Are NBA Teams Undervalued After a Loss?
We are now almost a month into the 2012-13 NBA season, and already there have been a surplus of fascinating story lines. After a shockingly slow start, the revamped Lakers fired head coach Mike Brown after just five games and tabbed former Knicks and Suns front man Mike D’Antoni as their new coach. The Wizards — whose roster had been bolstered by the additions of Emeka Okafor, Nene, Trevor Ariza and rookie Bradley Beal — were supposed to challenge for a playoff spot in what was considered to be a weak Eastern Conference. Instead, they are winless at 0-11 while anxiously awaiting the return of PG John Wall.
While those story lines (along with the usual excessive coverage of the Heat) have dominated news outlets like ESPN, they are of little interest to NBA bettors. In fact, our contrarian strategy isn’t limited solely to betting against the public; it also includes fading the opinions of hype machines like the mothership. The media loves to over-publicize teams on a winning streak and vastly overreact to struggling teams, but does that create any value on the betting line?
Our hypothesis was that the media’s tendency to push the panic button and overreact to a loss would actually create value on team’s coming off a loss and guess what? We were right. This season, teams with a one-game losing streak have gone 52-40 against the spread (ATS) and that trend has long been documented.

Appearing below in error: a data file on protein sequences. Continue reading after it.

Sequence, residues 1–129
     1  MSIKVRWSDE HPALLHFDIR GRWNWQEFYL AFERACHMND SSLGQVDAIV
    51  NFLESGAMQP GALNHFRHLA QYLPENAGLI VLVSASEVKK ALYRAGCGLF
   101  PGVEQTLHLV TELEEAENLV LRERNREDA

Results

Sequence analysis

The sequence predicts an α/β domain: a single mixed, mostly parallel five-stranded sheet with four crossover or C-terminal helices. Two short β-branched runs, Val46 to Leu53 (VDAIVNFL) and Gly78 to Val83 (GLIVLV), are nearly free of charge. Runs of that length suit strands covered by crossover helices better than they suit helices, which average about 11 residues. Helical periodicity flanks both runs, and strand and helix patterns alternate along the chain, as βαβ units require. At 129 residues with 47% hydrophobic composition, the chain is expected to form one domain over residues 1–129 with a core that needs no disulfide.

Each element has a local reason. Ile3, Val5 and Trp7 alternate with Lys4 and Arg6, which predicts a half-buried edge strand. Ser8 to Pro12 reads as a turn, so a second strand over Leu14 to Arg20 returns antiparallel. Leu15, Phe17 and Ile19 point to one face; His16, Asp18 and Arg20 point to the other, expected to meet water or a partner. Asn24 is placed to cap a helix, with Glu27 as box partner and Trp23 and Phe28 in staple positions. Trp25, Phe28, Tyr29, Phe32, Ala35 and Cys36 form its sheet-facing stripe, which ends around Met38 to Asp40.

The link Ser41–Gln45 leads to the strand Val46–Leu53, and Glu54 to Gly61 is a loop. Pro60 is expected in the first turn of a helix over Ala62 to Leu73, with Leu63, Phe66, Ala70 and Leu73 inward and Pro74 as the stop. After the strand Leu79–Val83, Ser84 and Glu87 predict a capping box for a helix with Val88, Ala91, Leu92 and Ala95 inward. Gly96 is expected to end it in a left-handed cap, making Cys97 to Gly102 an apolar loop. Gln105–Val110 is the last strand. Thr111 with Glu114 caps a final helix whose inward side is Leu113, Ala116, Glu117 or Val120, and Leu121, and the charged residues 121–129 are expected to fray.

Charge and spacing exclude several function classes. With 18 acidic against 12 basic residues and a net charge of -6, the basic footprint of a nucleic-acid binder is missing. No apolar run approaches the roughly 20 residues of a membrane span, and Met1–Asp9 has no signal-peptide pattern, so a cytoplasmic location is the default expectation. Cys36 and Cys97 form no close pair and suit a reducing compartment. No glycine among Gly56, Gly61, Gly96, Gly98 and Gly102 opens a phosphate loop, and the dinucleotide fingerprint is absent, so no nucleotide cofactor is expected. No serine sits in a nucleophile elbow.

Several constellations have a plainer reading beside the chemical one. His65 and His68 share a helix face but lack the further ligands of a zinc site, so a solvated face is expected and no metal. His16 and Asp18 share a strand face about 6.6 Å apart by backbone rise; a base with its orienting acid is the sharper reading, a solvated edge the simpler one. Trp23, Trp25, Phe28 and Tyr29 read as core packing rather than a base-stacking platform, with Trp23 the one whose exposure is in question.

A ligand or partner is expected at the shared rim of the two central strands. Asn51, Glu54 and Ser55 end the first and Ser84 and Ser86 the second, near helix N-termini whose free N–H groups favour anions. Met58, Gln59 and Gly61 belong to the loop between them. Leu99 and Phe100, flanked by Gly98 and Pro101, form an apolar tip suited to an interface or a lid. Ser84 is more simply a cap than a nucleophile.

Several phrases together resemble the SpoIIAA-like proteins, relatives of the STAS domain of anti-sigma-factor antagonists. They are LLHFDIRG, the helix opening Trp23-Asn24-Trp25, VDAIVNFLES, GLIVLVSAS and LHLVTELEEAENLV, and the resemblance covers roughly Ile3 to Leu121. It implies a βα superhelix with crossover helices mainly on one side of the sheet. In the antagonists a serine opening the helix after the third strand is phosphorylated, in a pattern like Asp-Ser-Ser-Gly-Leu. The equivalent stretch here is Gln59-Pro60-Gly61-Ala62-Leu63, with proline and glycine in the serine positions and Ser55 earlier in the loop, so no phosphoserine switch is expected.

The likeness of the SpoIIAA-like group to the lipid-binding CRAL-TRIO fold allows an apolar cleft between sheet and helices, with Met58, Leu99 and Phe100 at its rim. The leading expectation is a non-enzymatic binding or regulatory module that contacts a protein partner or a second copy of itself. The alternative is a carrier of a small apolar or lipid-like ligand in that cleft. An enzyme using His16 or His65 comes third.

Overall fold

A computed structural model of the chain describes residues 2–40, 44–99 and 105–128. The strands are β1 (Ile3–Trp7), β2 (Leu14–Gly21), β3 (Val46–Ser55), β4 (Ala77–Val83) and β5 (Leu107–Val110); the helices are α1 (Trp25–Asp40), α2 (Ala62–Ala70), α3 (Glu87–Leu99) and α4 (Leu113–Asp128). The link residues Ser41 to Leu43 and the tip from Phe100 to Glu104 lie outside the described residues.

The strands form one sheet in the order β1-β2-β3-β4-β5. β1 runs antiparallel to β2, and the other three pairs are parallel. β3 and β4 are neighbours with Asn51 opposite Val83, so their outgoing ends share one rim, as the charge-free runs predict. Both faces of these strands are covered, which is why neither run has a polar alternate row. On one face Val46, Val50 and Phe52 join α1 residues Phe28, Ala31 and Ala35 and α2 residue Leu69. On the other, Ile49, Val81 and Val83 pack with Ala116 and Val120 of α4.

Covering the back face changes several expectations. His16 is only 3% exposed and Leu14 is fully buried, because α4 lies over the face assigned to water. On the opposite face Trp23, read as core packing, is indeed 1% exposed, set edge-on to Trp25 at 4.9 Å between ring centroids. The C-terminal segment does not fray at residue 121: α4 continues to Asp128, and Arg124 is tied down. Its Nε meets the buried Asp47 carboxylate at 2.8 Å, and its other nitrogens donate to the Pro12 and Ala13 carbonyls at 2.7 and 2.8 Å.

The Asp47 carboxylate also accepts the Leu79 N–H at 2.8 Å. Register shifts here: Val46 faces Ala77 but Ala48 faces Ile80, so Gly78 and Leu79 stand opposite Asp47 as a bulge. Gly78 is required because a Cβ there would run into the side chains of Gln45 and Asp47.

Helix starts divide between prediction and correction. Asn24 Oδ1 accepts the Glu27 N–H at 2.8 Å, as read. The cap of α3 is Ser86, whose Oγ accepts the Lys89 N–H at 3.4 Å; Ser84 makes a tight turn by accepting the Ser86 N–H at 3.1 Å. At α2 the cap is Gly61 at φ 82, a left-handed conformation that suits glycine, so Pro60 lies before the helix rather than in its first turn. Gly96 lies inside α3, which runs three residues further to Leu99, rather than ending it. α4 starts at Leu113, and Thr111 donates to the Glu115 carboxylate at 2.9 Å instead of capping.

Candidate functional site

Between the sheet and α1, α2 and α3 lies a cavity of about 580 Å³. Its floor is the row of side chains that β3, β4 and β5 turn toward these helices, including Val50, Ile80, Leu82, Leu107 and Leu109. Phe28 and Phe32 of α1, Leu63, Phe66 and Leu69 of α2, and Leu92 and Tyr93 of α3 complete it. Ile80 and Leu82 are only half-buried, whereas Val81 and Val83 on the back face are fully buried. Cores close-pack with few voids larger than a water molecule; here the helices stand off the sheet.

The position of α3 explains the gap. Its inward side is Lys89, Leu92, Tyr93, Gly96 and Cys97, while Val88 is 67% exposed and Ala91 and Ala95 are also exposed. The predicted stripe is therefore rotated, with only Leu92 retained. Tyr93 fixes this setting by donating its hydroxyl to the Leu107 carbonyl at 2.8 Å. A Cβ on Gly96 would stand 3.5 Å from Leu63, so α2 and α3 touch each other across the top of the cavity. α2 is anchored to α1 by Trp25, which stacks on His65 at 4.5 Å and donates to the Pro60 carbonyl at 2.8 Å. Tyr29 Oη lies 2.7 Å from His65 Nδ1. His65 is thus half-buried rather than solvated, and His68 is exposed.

Since 2007, teams coming off a straight up loss are 1417-1340 ATS, which only amounts to a gain of +12.35 units and a paltry 0.4% return on investment. However, using our BetLabs software, we were able to layer multiple filters to ascertain which situations are ideal for betting on teams who lost their last game.
As detailed in our 2012-13 NBA Betting Against the Public Preview, visitors are substantially undervalued, so we wanted to know if road teams coming off a single loss had any additional value. It turns out that since ’07, teams fitting that criteria have gone 736-667 for +38.5 units and a 3.7% ROI.
While this has been a historically profitable NBA betting system, many sports bettors would prefer not to bet a system that involves taking over 1,400 games. To filter this even further, we examined expected high-scoring games to see if road teams coming off a loss did any better when the total was over 200. The table below, using line data from Pinnacle, shows how the return on investment steadily rises as the total increases.
|Filter||Record||Units Earned||Return on Investment|
|Total of 200+||292-257||+4.5||0.8%|
|Total of 210+||116-94||+2.4||5.8%|
|Total of 215+||64-45||+16.3||15%|
|Total of 220+||33-19||+12.6||24.2%|
As you can see, the highest units earned comes when the road team, having lost their last game, has a total of over 215. However, although there are fewer results, the highest ROI comes when the total is at least 220. The one caveat is that there have only been 52 system matches since 2007, meaning that there is not often an opportunity to bet these games.
For anyone interested in creating their own data-driven betting systems, Sports Insights President Dan Fabrizio will be hosting a live webinar on Wednesday, November 28 at 1 pm ET, focusing on how to build sports betting systems.
If you’re interested in attending or would like access to a recording of the webinar, please click on this link to register.